|% Urban:||81.5 %|
|% Christian:||86.3 %|
|% Evangelical:||20.2 %|
|% Largest Religion:||86.3 %|
The growth of evangelicals in Latin America in the last century, especially the last generation, is spectacular. In 1900, evangelicals numbered about 700,000, or 1% of the population (only about 200,000 of these being in Spanish and Portuguese-speaking countries). They have now surpassed 100 million, or 16.8% of the population. Most of this growth was fuelled by the steady, faithful proclamation and witness of tens of thousands of laymen and pastors planting small churches out of a passion for the gospel – praise God for such growth and pray that it might continue! The New World is home to over 35% of the world’s evangelicals.
People movements are growing among the Amerindians, who have long been resistant or indifferent to the gospel – understandable given that Christianity mostly followed in the wake of the devastation of disease, conquest, and colonialism. Church growth is occurring among Quechua and Aymara churches in the Andes, Mayan peoples in Central America and, increasingly, native peoples in North America. Also notable is the increasing indigenization of the gospel, centuries after it should have originally happened! Pray that Christians from majority groups might learn from, esteem, and honour fellow believers from amongst indigenous groups.
Missions vision has rapidly grown and matured in Latin America. The 1987 COMIBAM (Cooperacion Misionera Iberoamericana) conference in São Paulo, Brazil, generated continent-wide interest and sparked numerous initiatives to reach the unreached. At that time, there were around 60 agencies with 1,600 missionaries. Today, there are over 400 agencies representing more than 10,000 missionaries! In 2020, The Send Brazil (a mission mobilization event) saw 140,000 gather in three stadia in one day. Of these, 10,000 committed themselves to serving in mission. An increasing proportion serve outside Latin America and in the unevangelized world. Major sending nations are Brazil, Mexico, Argentina and Peru, but missionary sending structures are developing in most lands. Quite apart from this are the thousands who serve God abroad as economic migrants or deliberate tentmakers. Pray for consistent, loving, fruitful witness of these servants of God to their host cultures.
We are witnessing the resurgence of indigenous peoples and their fight for recognition, greater autonomy and self-determination. From Arctic to tropics to Antarctic, natives were routinely exterminated, subjugated and swindled out of their lands and rights. In many regions this struggle took on violent overtones – Guatemala, Peru, Mexico – while in others it has been chiefly legal and political. Such trends also foster growth in the pre-Christian religions and superstitions once held by these peoples. Additionally, the legacy and progeny of the 11 million African slaves brought to the New World are issues that likewise demand repentance, reconciliation, and arguably, reparations from the European colonizers. It was chiefly Christians who fought to end the slave trade and evangelize the native peoples of the Americas; it should be Christians who lead the way in walking out the path of full reconciliation. Pray that God would create humble hearts in His people. May we be willing to truly listen to one another and do whatever it takes to keep the unity of the Spirit through the bond of peace. (Eph 4:3)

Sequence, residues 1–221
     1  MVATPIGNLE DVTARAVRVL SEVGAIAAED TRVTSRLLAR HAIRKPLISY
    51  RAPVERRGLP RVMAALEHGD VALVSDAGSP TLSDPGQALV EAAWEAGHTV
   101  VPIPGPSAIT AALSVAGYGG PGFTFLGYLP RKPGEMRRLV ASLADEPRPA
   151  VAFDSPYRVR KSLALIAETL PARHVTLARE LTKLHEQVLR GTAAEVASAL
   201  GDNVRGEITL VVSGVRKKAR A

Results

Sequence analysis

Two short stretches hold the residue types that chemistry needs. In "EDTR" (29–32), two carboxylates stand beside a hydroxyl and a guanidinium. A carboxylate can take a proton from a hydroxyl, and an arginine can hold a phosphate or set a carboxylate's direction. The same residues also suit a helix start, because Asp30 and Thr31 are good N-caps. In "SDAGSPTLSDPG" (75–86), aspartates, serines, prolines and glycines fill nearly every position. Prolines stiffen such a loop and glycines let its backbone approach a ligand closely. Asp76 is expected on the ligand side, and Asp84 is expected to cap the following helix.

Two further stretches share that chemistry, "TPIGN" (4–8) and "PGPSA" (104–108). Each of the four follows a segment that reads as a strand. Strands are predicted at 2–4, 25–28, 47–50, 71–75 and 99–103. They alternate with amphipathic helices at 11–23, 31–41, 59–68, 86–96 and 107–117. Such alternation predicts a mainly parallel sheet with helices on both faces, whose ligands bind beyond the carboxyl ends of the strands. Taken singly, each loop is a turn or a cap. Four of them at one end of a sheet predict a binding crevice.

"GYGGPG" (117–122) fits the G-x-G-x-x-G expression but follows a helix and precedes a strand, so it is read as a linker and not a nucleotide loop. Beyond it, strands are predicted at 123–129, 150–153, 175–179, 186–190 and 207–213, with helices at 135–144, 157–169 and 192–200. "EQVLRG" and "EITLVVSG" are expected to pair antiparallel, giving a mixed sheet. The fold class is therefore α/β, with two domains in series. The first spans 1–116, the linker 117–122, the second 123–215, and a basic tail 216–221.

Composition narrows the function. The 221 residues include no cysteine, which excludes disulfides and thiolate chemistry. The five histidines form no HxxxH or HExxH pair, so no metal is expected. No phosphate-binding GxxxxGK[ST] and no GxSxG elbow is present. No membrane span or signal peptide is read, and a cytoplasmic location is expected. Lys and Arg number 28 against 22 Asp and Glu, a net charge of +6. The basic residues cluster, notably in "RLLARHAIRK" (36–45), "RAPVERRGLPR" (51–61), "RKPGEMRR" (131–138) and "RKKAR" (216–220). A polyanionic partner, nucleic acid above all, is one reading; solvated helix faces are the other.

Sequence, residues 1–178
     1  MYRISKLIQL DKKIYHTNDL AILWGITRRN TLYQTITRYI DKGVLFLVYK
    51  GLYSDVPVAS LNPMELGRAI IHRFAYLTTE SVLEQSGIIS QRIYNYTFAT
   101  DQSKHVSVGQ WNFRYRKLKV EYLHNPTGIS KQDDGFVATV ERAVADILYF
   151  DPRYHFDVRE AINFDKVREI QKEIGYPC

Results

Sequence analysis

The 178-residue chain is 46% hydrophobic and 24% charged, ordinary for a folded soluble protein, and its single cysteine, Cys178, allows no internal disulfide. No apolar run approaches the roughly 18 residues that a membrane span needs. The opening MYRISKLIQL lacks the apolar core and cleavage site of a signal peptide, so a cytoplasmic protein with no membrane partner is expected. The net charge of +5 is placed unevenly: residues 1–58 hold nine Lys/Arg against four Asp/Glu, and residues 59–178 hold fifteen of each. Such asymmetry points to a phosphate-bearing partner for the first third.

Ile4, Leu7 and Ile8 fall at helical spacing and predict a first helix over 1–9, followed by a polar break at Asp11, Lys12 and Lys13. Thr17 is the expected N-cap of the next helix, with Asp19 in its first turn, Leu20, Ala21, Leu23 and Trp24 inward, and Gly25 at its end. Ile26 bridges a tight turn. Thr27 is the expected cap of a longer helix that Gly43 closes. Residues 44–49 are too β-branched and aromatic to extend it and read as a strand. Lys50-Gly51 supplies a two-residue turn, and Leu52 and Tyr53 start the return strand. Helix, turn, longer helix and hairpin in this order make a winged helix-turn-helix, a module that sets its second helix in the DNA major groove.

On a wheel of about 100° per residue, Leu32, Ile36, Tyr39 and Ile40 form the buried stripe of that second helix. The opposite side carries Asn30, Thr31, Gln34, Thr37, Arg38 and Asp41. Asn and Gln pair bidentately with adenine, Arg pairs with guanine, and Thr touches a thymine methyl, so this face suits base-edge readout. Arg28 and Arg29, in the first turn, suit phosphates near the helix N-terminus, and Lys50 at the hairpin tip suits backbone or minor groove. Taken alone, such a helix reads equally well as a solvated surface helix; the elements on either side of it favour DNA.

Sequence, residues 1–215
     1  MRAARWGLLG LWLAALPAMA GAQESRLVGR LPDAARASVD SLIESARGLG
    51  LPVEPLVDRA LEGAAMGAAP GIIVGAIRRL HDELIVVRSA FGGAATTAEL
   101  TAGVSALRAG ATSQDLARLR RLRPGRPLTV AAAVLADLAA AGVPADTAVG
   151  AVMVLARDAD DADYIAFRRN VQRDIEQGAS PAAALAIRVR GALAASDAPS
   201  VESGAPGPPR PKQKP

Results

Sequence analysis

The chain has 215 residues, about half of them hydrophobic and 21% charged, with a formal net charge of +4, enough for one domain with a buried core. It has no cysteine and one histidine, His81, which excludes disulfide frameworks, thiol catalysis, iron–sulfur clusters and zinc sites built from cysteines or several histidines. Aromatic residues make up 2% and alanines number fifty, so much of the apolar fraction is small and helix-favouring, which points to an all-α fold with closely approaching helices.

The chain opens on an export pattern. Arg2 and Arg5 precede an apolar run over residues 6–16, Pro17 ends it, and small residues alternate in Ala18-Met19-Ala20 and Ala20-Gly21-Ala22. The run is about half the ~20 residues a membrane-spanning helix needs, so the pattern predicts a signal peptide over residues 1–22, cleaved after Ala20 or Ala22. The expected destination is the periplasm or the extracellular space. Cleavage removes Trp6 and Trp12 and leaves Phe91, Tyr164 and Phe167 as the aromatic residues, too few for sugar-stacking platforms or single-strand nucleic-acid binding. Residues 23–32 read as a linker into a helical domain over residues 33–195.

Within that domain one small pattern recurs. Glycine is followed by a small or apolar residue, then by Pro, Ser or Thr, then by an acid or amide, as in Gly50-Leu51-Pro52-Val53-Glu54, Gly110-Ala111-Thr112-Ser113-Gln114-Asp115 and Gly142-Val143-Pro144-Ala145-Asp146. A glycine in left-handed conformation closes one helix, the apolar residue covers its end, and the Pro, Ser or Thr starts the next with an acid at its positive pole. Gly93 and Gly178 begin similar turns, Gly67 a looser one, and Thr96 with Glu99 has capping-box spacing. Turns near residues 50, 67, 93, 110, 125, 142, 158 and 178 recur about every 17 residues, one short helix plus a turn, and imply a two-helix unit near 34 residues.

Pray for willingness in the Church to confront social and economic injustices in a biblical way. One of the main benchmarks of evangelical effectiveness in the 21st Century will be how churches and ministries share and live out the gospel in contexts of systemic injustice. The potential role of Christians in societal transformation is limitless, but addressing needs positively must accompany recognition of previous failures – including slavery, genocide and Christianization done with cruelty and insensitivity. A humble approach to reconciliation and reparation for sins of the past will empower believers to minister into the present day. Evangelical Christianity is an easy target for critics of religion in the Americas today. But, in the face of opposition, when the Church truly embraces Christlikeness and adopts the character and priorities of the one it calls Lord, critics are silenced, enemies become sisters and brothers, and above all, God is glorified.
The urban poor. In North America, they usually live in the decaying hearts of major cities; in Latin America, they live in huge slums that ring or even permeate the major cities. Churches have a great role to play and are well positioned to do so. Pray for the light of Jesus to shine through Christian ministry, effecting urban renewal with a reduction in crime, violence and substance abuse and a growth in education, employment and, most importantly, the winning of lives into the Kingdom.
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Content taken or adapted from Operation World, 7th Edition (2010) and Pray for the World (2015). Both books are published by InterVarsity Press. All rights reserved.